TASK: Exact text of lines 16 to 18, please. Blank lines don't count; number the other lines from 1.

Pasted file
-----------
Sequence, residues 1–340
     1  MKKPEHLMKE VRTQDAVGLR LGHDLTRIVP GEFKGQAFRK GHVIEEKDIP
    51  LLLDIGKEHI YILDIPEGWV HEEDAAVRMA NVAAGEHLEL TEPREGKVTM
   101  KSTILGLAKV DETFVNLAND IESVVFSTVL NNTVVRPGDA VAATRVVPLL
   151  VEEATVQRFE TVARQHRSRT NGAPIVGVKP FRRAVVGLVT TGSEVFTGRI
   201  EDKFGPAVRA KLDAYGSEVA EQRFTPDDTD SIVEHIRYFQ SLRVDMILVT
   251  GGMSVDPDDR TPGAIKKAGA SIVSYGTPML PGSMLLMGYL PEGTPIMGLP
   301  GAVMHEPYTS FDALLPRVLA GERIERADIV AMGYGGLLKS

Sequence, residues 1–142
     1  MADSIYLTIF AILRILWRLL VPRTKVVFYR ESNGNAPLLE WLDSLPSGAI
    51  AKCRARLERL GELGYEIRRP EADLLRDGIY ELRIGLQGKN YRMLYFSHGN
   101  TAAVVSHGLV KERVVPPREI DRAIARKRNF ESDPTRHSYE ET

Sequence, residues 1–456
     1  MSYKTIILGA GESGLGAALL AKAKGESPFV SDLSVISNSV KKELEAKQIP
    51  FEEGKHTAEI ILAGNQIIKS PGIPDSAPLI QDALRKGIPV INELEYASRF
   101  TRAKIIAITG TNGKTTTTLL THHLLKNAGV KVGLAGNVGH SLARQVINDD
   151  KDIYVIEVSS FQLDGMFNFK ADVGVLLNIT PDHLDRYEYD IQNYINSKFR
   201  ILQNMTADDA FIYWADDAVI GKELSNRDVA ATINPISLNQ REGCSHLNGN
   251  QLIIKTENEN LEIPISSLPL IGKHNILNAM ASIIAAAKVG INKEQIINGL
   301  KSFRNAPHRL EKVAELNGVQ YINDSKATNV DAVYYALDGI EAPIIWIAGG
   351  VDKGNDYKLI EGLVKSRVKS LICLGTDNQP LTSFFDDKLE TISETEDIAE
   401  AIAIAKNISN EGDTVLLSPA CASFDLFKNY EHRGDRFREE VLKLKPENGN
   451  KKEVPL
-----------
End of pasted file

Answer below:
   101  TRAKIIAITG TNGKTTTTLL THHLLKNAGV KVGLAGNVGH SLARQVINDD
   151  KDIYVIEVSS FQLDGMFNFK ADVGVLLNIT PDHLDRYEYD IQNYINSKFR
   201  ILQNMTADDA FIYWADDAVI GKELSNRDVA ATINPISLNQ REGCSHLNGN